Anyone who has talked to me recently will be used to the refrain, “So, I heard on the radio/a podcast that…” and some astounding story goes from there. I am obsessed. As this obsession grows, I find myself streaming narrative audio wherever I can get it. I’d like to take you along as I combine two of my passions: radio and being critical of — I mean learning from — things that other people created.
Gimlet Media website
Gimlet Media is a relative newcomer to the podcast scene. They produce a number of shows that are funny and insightful, including some of my favorites: Reply All and The Mystery Show. I don’t know about you, but I consider 45 minutes fairly productive if I can laugh, cry, and sigh with the satisfaction of gaining new insight into the human condition in that short period of time. These shows will do that for you.
Oh, that is a sweet content placeholder. While the audio player and file load (via Soundcloud) you get a nice build up, always better than staring at a blank screen thinking your internet broke. They are clearly letting the audio content speak for itself, rather than fancy images or lengthy descriptions for each episode. I’m into it. A couple critiques though: you can’t pause a piece and return to where you were listening last and you can’t really browse other pages while listening without opening a new tab. Those hiccups meant that I didn’t end up finishing a couple pieces I started listening to!
In conclusion: 👍
Stitcher brings podcasts all into one app. The idea is that all of your favorite shows appear in a stream without you having to painfully deliberate over what you are going to listen to next (speaking from experience here, people). This all seems great.
I get it, Stitcher, you’re ambitious. Who doesn’t love some ambition? That, plus being able to hear all my podcasts in one place — pretty neat. That said, getting started with the app was just jumping over a bunch of hurdles of signing on and permissions. A more effective approach would be to wait for the moment when they need my info and I could directly benefit from creating a password.
There is also an intro animation showing us the evolution of radio throughout the ages. It was fun, but it left me feeling a little flat — just throwing on some pizzazz for pizzazz’s sake. I don’t know that I’ll be using this one all that often, and I didn’t get beyond the on-boarding process.
In conclusion: 👎
After losing the last part of 2014 to my obsession with Serial season 1, I’ve been on pins and needles waiting for the next season of this deep, journalistic dive into a single true crime story. It is here, people, and I am listening intently.
My, my, my, that beautiful, subtle animation in the hero image. Let the story begin! Play an episode and — wait for it — as you travel throughout the site, the AUDIO PLAYS CONTINUOUSLY. The audio player is just pinned to the bottom of your browser. So nice. Going to ignore the unlabeled hamburger menu. Heaven is a place on earth, and it is this website (not the circumstances that the subjects undergo, to be clear).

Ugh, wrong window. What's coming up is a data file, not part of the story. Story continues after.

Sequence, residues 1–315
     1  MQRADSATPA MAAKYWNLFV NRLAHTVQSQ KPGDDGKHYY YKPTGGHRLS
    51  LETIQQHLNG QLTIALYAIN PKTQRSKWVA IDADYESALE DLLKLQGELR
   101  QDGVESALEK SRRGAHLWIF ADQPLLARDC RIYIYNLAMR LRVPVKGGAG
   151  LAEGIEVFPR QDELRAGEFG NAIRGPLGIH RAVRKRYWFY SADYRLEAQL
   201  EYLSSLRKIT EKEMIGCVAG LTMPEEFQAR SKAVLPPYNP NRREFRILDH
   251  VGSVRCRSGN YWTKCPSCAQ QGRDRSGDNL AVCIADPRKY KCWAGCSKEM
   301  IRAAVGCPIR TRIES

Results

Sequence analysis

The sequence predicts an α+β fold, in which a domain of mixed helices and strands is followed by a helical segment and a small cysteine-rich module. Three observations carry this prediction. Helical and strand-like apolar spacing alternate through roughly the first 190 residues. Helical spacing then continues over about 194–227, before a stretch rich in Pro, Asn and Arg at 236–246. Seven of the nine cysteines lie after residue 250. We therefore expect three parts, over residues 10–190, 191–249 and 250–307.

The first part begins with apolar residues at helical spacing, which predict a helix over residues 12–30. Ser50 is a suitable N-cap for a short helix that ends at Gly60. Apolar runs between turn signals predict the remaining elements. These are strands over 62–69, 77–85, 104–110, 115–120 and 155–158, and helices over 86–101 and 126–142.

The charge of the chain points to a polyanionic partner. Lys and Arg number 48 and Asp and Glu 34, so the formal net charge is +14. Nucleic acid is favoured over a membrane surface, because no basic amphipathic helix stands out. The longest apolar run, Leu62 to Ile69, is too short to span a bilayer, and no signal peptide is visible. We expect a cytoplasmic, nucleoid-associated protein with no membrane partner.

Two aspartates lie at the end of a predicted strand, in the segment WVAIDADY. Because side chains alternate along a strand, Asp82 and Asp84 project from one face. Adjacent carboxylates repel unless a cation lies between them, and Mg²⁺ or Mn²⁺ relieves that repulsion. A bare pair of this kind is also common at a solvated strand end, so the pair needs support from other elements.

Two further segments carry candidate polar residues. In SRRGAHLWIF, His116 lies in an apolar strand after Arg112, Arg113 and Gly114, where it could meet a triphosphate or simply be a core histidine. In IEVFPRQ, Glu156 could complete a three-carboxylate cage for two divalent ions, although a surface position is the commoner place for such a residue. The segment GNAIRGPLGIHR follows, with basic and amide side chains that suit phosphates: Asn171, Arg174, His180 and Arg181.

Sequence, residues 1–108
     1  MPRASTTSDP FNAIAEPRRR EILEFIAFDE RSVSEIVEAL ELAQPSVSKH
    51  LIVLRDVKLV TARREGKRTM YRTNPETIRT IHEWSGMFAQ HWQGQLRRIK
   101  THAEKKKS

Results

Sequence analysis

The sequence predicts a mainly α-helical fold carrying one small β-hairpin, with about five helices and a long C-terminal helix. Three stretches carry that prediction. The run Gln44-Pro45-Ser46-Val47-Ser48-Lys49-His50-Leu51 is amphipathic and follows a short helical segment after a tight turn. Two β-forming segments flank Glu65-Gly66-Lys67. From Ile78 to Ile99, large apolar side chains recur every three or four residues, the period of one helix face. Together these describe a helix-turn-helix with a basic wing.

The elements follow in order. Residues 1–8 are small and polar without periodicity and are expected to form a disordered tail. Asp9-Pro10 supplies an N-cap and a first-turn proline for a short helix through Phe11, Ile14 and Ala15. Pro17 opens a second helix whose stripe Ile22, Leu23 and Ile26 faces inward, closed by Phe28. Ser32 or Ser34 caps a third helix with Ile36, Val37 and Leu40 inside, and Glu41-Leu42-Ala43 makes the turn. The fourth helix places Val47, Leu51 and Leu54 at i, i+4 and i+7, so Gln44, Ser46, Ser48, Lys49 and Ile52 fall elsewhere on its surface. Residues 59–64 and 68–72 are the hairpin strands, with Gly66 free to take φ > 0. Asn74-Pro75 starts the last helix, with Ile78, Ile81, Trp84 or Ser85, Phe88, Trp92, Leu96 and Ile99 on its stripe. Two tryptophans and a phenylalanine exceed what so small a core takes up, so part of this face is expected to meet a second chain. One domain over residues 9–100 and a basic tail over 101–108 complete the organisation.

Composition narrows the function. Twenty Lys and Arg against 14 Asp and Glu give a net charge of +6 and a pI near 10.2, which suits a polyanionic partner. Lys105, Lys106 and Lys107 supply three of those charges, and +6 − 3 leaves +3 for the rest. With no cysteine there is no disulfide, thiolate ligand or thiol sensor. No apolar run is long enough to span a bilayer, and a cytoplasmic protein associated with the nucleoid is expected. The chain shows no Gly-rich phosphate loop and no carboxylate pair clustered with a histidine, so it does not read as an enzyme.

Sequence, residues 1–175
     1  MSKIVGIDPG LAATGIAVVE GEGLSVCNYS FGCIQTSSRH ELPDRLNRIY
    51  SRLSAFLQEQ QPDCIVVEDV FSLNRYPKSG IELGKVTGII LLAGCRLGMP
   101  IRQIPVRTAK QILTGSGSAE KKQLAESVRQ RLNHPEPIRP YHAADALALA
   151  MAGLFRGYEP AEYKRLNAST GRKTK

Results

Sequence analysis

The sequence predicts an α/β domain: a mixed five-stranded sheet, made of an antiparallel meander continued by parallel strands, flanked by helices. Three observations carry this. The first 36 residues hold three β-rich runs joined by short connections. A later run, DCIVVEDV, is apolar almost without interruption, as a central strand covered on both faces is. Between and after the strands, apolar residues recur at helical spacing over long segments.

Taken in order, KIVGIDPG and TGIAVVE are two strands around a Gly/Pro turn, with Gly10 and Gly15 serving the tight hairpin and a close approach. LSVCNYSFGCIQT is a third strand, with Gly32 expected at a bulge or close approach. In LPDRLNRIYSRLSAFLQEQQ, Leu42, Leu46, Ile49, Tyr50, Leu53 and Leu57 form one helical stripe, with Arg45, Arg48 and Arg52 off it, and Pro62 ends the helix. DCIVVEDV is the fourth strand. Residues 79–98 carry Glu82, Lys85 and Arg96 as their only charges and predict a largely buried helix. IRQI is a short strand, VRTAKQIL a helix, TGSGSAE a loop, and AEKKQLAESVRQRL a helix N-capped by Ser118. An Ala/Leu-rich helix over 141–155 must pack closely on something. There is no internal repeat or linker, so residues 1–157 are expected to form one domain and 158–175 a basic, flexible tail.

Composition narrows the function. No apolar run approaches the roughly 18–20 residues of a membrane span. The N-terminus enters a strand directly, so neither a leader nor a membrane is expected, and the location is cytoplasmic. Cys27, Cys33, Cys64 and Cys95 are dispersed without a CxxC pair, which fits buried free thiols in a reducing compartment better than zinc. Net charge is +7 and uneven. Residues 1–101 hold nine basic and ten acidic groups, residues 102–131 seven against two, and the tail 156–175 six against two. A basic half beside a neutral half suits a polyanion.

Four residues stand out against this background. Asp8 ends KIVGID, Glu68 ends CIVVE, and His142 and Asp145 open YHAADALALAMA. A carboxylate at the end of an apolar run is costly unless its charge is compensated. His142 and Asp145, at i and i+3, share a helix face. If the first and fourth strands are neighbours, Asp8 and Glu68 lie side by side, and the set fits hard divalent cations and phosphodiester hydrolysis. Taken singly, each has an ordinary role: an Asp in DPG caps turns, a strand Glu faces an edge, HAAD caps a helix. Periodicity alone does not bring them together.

In conclusion: 👍
The Memory Palace website
The Memory Palace is a lovely collection of forgotten or overlooked stories and people from history. Episodes rarely run longer than 10 minutes. Each one is incredibly moving and always leaves me feeling pleasantly melancholy.
Simple and sweet. Sort of like this stories you hear here (although they are more likely short and melancholy, but whatever). Those lovely colors paired with historic images. That blurred text. Let’s be real though — it’s not responsive, and I don’t even want to tell you what happens when you select an episode to listen to…this site is showing its age, but I’ve still got a soft spot for it.
In conclusion: 👎*
*very reluctant on this one
NPR One app
The NPR One app provides a stream of localized National Public Radio content. I already love this on my analog radio, might as well enjoy it while taking the bus too, right? Well, spoiler alert: I did enjoy it.
Elegance, style, quality programming. I can go on and on. The onboarding experience? (Shout out to User Onboard — I want to get your take on this.) Impeccable! This app is making sure that nothing is getting between me and the soothing tones of my favorite NPR reporters. Highly recommended.
In conclusion: 👍
What did I learn, anyway?
The most successful examples above really honed in on their main distinguishing features before branching out.
A solid foundation, both design and concept-wise, makes for a better product. Beyond that, they pared down how they presented their ideas. They did not bombard the user with requests and features, but instead revealed new things at the point of need (the NPR One app didn’t ask the user to log in before they got to see how wonderful the app is).
Attention to detail went a long way (remember that subtle loading animation for Gimlet Media?). A little usability testing of the Stitcher onboarding process paired with a competitive analysis could have gone a long way (Stitcher — I’d be happy to help you out!).
There will always be something new and exciting on the horizon (Memory Palace, I hope that you’ve got something new and responsive coming out soon!), but following best practices can make for a site or app that keeps users engaged for the long term.